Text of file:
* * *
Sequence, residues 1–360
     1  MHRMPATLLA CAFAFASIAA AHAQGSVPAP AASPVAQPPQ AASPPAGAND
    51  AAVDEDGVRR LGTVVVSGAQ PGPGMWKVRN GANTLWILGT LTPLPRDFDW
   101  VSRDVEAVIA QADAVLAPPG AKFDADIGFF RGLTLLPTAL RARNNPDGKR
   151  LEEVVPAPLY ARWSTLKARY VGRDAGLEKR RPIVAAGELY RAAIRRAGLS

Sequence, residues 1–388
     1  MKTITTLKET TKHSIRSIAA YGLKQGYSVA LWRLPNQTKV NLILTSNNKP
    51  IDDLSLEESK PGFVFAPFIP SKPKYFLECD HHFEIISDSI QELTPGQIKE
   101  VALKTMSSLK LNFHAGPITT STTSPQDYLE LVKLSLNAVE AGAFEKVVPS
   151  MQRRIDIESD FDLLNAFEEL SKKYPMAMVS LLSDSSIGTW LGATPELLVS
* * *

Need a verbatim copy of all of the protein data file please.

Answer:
Sequence, residues 1–360
     1  MHRMPATLLA CAFAFASIAA AHAQGSVPAP AASPVAQPPQ AASPPAGAND
    51  AAVDEDGVRR LGTVVVSGAQ PGPGMWKVRN GANTLWILGT LTPLPRDFDW
   101  VSRDVEAVIA QADAVLAPPG AKFDADIGFF RGLTLLPTAL RARNNPDGKR
   151  LEEVVPAPLY ARWSTLKARY VGRDAGLEKR RPIVAAGELY RAAIRRAGLS

Sequence, residues 1–388
     1  MKTITTLKET TKHSIRSIAA YGLKQGYSVA LWRLPNQTKV NLILTSNNKP
    51  IDDLSLEESK PGFVFAPFIP SKPKYFLECD HHFEIISDSI QELTPGQIKE
   101  VALKTMSSLK LNFHAGPITT STTSPQDYLE LVKLSLNAVE AGAFEKVVPS
   151  MQRRIDIESD FDLLNAFEEL SKKYPMAMVS LLSDSSIGTW LGATPELLVS